How to send Notifications via Telegram with Laravel

October 10, 2022 | 3 minute read

A quick guide to getting started with Telegram notifications in Laravel

How to send Notifications via Telegram with Laravel

Telegram Messenger is one of the most popular messaging services out there, with over 700 million monthly active users at the time of this writing. They also have a well-documented API. One handy use case for Telegram is sending notifications to users from a Web App; Laravel in this case. This tutorial assumes you have a Laravel project and a Telegram account.

Creating a Bot (And Generating a Token)

We'll begin by creating a Telegram Bot. To do this just search for the "BotFather" within the Telegram app and begin an interaction. You'll then use /newbot option to create and name a new "Bot". Once you've created the bot, the BotFather will present you with your token. Be sure to securely store it somewhere.

Installing a Telegram Notification Channel

Fortunately, there are several handy community-built notification channels out there for Laravel, so we don't have to build one. Isn't the Laravel community just awesome? Go ahead and require the Telegram notification channel:

composer require laravel-notification-channels/telegram


Per the package docs, you'll need to add this to your services.php config file, then add the appropriate key/value to your .env file.

'telegram-bot-api' => [
'token' => env('TELEGRAM_BOT_TOKEN')

Obtaining a Chat ID

Next you'll need to fetch the "Chat ID" of the entity you wish to send messages to: a user, group, or channel. Some key differences:

  • A group is a traditional group message where all users can participate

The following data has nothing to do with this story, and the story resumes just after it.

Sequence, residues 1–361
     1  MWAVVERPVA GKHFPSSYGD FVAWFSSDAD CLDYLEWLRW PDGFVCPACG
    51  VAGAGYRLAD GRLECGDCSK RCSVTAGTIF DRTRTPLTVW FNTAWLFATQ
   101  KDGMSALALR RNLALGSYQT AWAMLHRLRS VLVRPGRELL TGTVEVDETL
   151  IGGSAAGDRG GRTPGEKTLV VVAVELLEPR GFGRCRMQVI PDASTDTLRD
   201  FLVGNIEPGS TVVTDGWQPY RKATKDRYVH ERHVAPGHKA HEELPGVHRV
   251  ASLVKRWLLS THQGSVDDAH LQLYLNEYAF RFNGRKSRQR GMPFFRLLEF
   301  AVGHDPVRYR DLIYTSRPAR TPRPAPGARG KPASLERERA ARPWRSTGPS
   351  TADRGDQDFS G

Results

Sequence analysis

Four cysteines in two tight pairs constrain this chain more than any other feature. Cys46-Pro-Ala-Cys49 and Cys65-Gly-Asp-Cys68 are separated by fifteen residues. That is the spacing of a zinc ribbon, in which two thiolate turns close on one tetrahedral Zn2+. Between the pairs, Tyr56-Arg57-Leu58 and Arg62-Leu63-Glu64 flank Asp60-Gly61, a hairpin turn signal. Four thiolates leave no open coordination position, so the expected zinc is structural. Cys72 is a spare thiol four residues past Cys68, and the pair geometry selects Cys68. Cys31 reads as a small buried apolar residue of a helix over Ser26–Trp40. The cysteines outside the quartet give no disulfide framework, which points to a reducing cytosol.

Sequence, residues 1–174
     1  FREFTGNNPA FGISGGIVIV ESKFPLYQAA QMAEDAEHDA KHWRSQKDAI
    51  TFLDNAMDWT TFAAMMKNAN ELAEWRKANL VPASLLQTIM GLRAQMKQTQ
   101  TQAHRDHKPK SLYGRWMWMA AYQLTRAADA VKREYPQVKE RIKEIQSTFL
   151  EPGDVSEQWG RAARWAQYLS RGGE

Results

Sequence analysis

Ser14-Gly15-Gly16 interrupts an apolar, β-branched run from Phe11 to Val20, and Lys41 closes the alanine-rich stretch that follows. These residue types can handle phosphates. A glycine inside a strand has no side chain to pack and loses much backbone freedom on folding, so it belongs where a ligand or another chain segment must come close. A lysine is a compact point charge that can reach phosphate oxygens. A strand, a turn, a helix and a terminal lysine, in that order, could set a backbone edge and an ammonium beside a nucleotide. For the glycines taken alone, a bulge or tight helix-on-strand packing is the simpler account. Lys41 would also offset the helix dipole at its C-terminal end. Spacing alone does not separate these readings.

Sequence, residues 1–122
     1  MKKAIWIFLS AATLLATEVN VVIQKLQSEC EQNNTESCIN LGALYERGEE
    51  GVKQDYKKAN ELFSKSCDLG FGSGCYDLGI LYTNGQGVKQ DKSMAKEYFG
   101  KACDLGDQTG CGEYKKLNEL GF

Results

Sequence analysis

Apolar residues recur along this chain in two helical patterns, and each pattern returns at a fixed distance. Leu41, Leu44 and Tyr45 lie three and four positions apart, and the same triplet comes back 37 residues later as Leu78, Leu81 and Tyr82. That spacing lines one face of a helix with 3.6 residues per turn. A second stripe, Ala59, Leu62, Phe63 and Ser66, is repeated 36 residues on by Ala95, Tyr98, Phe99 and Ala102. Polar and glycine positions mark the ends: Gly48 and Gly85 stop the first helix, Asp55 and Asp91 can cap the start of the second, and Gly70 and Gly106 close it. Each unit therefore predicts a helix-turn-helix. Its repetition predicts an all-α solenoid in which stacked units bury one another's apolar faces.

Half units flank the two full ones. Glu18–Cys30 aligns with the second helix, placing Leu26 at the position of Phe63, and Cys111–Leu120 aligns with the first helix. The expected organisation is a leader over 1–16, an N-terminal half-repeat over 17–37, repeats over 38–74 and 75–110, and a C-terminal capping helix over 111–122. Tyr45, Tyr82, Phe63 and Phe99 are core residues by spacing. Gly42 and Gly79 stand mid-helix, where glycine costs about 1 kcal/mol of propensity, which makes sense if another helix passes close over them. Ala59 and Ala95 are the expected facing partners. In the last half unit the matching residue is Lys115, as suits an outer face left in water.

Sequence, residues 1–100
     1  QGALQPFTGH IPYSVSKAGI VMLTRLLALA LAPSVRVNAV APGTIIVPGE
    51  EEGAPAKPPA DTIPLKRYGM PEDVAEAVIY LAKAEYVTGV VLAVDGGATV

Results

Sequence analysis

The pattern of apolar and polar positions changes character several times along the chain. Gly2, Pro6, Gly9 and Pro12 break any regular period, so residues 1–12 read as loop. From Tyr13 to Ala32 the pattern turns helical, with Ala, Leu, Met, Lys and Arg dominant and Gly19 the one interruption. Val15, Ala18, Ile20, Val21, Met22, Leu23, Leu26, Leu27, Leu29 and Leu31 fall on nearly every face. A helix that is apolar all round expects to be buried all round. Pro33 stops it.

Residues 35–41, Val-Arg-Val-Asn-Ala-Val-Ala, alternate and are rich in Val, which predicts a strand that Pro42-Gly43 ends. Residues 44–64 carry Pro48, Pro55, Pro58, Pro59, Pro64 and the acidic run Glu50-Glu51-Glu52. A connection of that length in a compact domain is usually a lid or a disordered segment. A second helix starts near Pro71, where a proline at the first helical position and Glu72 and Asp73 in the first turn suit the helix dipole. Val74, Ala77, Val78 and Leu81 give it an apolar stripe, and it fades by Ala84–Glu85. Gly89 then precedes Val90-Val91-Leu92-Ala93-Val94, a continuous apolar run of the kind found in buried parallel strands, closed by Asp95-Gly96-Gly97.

• A channel is a message board with subscribers that only authorized users can post to

In this example, I'll be sending messages to a channel via an on-demand notification.

The package docs outline a helper script to get the chat ID of an entity. An easy way to run this script is by executing it via a closure-based console command. Add the following to routes/console.php:

Note: you need to interact with your bot from the entity you wish to communicate with to create an "update". If it's a channel, you'll create a channel and add your bot as an administrator of the channel and send the channel a message. If you want to send messages to a user, have that user message your bot to create an "update".

Artisan::command('telegram:chat-id', function(){
// Response is an array of updates.
$updates = NotificationChannels\Telegram\TelegramUpdates::create()
'timeout' => 0,
if($updates['ok']) {
$chatId = $updates['result'][0]['message']['chat']['id'];

Now you can run the closure-based command with php artisan telegram:chat-id. In this case, it will output the Channel's Chat ID.

If sending notifications to a single user, I would recommend persisting the Chat ID via a relationship to the appropriate user model.

Create a Notification

Let's scaffold a notification:

php artisan make:notification GoodMorning

Update the notification class's via method:

public function via($notifiable)
return ['telegram'];

Add a toTelegram method to the notification class with your notification's content.

use NotificationChannels\Telegram\TelegramMessage;
public function toTelegram($notifiable)
return TelegramMessage::create()
->content("Good Morning! ⚡");

Send a Notification to Telegram

A simple way to test out our new notification is by registering another closure command in routes/console.php:

use Illuminate\Support\Facades\Notification;
Artisan::command('telegram:say-goodmorning', function(){
// My Channel
Notification::route('telegram', 'myChannelId')
->notify(new GoodMorning());

Note: The second argument of route is the Chat ID of the channel we'll be posting to.

Now you can run the command and your message will appear in your Telegram channel!

php artisan telegram:say-goodmorning

Be sure to check out the package docs - there are several more neat ways to interact with Telegram programmatically.